Based on the teasers released so far, the show's final season looks to center around Hannah's big article. We see her interview with an editor — played by Chelsea Peretti — and she gushes about her passion for writing and the kind of stories she wants to tell: "I want to make people laugh about the things in life that are painful," she says.
The other girls — Marnie, Shoshanna and Jessa — all seem to be finding themselves. Marnie is continuing to justify her relationship with Ray, Shoshanna finds friendship outside of their group and Jessa is dealing with the fallout from Adam.
It looks like the group's problematic friendships are being examined in the final season as well. In a promo for season six, the girls have an impromptu friend meeting in a bathroom to discuss their collective relationship. In a different scene, we see Jessa confront Hannah about their friendship and Hannah says, "I don't think we ever acted like friends."
In an exit interview with Glamour magazine, all four actresses sat down with the show's executive producer, Jenni Konner, to discuss their time on the show. For creator-star Lena Dunham, who plays Hannah, the most satisfying aspect of the series was collaborating with her cast and crew. "[It] helped me learn the satisfying thing of opening up and understanding that other people's concepts of their characters, their ideas, are just as valuable as mine," Dunham said.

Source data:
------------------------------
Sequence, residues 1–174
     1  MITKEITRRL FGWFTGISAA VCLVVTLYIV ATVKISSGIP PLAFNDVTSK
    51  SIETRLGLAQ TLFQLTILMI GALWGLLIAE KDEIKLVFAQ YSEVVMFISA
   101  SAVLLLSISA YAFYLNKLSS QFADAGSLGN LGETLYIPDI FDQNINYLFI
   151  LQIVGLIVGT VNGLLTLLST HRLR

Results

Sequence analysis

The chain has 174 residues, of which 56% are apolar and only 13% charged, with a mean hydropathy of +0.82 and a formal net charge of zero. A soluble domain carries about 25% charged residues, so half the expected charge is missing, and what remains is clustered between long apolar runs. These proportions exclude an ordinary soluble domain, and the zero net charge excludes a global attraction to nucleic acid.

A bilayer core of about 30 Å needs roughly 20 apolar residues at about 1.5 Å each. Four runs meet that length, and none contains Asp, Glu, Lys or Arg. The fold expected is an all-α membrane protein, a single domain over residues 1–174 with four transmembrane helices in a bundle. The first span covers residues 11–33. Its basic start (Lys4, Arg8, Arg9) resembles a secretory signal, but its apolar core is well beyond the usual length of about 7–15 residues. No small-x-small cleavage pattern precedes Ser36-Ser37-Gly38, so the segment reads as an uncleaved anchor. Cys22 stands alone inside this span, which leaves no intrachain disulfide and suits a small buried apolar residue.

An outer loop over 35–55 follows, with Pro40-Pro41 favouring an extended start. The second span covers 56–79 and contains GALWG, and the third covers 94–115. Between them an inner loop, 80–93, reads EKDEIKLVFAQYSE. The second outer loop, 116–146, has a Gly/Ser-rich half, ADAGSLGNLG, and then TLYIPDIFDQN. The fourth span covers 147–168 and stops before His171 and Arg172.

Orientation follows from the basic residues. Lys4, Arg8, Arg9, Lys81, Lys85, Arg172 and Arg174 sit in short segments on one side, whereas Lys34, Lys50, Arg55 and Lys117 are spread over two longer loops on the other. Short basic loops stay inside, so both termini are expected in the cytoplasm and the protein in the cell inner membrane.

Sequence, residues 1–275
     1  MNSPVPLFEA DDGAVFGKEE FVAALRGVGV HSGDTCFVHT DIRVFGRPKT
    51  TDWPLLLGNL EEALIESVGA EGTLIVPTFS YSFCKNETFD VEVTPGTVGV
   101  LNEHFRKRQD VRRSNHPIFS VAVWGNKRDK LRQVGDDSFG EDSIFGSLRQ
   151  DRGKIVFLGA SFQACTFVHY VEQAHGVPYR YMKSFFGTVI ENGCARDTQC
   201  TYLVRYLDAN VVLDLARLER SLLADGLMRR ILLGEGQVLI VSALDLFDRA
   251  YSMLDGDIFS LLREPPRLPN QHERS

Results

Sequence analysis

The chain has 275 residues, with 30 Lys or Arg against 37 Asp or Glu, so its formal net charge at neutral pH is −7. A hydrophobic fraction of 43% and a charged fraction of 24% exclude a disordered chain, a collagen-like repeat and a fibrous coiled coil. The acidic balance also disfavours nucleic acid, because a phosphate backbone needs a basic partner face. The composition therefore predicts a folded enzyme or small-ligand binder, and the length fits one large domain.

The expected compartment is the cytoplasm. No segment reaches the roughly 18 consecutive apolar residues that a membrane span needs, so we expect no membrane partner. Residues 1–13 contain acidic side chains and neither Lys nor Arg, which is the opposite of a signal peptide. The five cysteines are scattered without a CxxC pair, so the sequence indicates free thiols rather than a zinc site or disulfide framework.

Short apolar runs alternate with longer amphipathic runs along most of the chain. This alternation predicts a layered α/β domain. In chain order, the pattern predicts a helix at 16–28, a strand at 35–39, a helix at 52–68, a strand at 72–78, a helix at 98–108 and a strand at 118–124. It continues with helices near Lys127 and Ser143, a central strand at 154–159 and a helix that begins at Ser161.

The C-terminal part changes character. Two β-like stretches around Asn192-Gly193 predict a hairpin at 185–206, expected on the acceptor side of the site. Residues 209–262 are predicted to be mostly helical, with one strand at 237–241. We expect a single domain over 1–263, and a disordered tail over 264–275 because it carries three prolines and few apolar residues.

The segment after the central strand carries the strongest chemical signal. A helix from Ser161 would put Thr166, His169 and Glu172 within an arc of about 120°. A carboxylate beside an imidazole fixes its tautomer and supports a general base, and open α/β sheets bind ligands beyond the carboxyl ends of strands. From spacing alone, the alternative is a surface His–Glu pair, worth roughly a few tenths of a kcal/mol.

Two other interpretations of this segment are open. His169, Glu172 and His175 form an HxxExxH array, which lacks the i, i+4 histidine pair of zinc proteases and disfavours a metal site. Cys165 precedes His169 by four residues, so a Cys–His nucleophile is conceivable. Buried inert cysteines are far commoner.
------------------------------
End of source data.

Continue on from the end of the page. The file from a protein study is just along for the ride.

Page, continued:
And the least satisfying? "Sometimes I would get very lonely, because I wanted to be a part of the group... Even though I was surrounded by love, there were times where I felt very 'by myself' in the process," Dunham said. She also reveals in the interview that just a few days before filming began for season two, Jemima Kirke, who plays Jessa, almost quit, which Kirke confirms: "Yeah. My sense of who I was and what I wanted was really thin. I really wasn't sure what the f-ck I was doing."
For Dunham, the show was about creating a world for the "unlikeable woman." Dunham doesn't credit herself entirely for that phenomenon, but she notes that Girls did help shows like Inside Amy Schumer and Broad City find audiences more easily. Abbi Jacobson of Broad City agrees, telling Vogue, "Lena was one of the first in a wave of creators writing and starring in their own material."
As the cast members will embark on their own journeys after the show's final season, the girls of Girls appear to be maturing too, according to Konner. "I can tell you that the girls, in a very Girls way, do finally start to grow up. Our greatest hope is that the audience finds the end as satisfying as we do. But then if the audience was entirely pleased, it wouldn't be Girls, would it?" she told Vogue last year.
The final season of Girls premieres on Sunday, Feb. 12 at 10 p.m. Eastern.